26 February 2004
Why Love Makes Us Blind
by Kate Melville
A new study of young mothers by researchers at University College London (UCL) has shown that romantic and maternal love activate many of the same specific regions of the brain, and lead to a suppression of neural activity associated with critical social assessment of other people and negative emotions. The findings suggest that once one is closely familiar with a person, the need to assess the character and personality of that person is reduced, and bring us closer to explaining why, in neurological terms, love makes us blind. In the experiment, published in NeuroImage, the brains of 20 young mothers were scanned while they viewed pictures of their own children, children they were acquainted with, and adult friends, to control for feelings of familiarity and friendship (the brain regions involved in romantic love having been identified by the authors in an earlier study).
The similarity of the activity recorded in this study compared to those obtained in the earlier study was striking; with activity in several regions of the brain overlapping precisely in the two studies. In summary, the findings showed that both types of love activate specific regions in the reward system, while reducing activity in the systems necessary for making negative judgements.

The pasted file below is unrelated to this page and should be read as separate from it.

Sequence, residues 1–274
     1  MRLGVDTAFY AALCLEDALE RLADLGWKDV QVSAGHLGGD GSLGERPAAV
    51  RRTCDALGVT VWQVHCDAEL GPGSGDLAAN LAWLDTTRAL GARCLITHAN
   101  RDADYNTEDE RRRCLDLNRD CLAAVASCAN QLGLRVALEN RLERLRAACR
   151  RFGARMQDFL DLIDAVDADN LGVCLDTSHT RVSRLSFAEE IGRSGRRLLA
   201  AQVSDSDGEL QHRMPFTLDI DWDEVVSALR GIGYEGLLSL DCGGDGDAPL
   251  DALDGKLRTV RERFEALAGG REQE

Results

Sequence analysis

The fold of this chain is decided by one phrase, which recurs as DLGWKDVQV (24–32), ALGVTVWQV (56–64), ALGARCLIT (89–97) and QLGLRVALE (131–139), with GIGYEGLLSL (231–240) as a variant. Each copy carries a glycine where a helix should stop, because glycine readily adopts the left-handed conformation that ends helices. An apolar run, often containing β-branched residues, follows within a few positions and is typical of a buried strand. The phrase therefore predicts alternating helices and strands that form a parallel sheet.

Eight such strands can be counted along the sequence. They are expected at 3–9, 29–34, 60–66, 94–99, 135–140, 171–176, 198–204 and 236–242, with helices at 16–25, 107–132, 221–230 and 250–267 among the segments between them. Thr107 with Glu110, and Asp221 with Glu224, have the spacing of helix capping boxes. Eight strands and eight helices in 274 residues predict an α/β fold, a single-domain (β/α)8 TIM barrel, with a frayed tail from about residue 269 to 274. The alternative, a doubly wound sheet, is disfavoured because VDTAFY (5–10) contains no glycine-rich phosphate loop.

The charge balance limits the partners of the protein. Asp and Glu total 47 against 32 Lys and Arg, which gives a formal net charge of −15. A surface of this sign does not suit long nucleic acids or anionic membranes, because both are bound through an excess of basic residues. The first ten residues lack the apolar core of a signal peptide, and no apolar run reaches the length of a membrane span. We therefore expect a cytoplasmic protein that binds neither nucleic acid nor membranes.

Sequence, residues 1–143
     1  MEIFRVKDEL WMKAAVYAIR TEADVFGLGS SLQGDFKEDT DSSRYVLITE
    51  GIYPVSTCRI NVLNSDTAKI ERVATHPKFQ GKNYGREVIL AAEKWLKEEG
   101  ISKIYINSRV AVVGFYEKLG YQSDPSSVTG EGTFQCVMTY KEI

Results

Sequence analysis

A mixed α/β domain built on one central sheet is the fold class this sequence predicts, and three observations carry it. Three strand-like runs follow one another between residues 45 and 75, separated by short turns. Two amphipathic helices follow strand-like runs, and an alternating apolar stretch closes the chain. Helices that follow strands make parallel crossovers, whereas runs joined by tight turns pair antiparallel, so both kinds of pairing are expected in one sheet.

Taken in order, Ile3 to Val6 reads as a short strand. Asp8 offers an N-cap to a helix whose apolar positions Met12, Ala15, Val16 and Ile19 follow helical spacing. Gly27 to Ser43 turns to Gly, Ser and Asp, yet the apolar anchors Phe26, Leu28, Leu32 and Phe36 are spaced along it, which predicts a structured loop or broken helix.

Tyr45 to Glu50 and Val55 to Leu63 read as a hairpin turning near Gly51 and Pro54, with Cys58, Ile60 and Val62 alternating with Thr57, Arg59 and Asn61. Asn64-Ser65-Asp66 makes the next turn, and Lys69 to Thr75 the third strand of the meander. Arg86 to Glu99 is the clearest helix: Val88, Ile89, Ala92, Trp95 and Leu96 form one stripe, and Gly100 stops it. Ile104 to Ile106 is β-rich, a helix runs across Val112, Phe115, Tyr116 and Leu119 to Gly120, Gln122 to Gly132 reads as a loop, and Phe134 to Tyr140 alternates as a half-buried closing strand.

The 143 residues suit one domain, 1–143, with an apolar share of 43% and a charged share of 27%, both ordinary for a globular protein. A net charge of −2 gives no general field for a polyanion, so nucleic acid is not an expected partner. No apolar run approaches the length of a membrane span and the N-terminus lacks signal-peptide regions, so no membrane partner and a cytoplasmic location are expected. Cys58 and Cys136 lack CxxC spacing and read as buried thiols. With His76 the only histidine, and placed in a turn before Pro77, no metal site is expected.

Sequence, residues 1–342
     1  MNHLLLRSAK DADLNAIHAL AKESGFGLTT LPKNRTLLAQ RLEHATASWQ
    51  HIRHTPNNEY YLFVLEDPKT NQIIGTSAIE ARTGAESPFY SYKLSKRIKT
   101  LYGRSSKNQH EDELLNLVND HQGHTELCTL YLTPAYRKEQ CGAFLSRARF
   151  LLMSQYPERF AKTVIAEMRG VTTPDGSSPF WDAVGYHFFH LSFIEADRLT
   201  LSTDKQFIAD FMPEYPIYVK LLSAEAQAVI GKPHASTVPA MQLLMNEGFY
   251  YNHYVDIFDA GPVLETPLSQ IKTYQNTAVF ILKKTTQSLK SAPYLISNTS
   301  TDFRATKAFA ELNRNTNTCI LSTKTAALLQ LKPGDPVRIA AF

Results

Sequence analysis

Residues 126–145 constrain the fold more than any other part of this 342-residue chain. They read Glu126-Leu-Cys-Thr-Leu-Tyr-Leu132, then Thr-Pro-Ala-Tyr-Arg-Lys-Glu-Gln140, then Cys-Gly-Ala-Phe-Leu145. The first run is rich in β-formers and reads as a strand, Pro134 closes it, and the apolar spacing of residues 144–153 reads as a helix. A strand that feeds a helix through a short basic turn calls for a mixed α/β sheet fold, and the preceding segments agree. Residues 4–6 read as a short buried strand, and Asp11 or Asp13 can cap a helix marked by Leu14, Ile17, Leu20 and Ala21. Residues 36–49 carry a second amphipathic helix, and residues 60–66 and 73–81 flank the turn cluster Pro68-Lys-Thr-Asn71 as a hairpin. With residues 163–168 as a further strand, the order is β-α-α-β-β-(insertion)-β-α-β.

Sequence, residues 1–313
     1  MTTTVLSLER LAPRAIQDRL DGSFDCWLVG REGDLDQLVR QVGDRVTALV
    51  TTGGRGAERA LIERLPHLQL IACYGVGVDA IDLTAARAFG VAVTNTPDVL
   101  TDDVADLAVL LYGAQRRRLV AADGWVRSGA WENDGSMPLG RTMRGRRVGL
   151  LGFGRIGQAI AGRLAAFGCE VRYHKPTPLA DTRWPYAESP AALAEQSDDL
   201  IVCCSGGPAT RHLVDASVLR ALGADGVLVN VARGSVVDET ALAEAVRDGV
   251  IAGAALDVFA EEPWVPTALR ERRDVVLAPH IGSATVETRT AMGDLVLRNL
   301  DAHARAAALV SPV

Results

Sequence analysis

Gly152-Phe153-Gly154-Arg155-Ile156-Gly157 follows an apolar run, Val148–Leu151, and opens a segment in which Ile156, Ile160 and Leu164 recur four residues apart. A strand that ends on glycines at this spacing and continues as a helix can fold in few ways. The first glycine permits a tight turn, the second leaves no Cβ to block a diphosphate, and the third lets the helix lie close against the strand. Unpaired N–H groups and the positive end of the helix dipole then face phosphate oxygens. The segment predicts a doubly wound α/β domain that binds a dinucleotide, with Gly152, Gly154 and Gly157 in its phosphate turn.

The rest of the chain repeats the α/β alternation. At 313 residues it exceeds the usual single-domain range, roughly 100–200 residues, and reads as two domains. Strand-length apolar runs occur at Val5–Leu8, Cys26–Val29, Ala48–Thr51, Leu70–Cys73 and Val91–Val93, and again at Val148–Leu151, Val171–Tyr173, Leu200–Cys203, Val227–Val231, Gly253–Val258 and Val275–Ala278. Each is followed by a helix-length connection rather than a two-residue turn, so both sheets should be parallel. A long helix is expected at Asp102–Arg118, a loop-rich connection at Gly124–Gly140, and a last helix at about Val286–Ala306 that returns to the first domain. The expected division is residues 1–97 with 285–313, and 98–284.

The new results demonstrated also that the mechanisms of love are similar in animals and humans, and that the brain regions activated are the same ones as respond to the brain-produced drugs oxytocin and vasopressin. These neuro-hormones have been shown in animals to be both sufficient and necessary to induce both mother-infant bonding and male-female bonding. The new research therefore provides a link to the previous work on animals, showing that the same 'love-potion', produced by the brain, known to work in animals is also at work in humans.
"Both romantic and maternal love are highly rewarding experiences that are linked to the perpetuation of the species, and consequently have a closely linked biological function of crucial evolutionary importance," said Andreas Bartels, of UCL's Department of Imaging Neuroscience. "Yet almost nothing is known about their neural correlates in the human.
"Our research enables us to conclude that human attachment employs a push-pull mechanism that overcomes social distance by deactivating networks used for critical social assessment and negative emotions, while it bonds individuals through the involvement of the reward circuitry, explaining the power of love to motivate and exhilarate."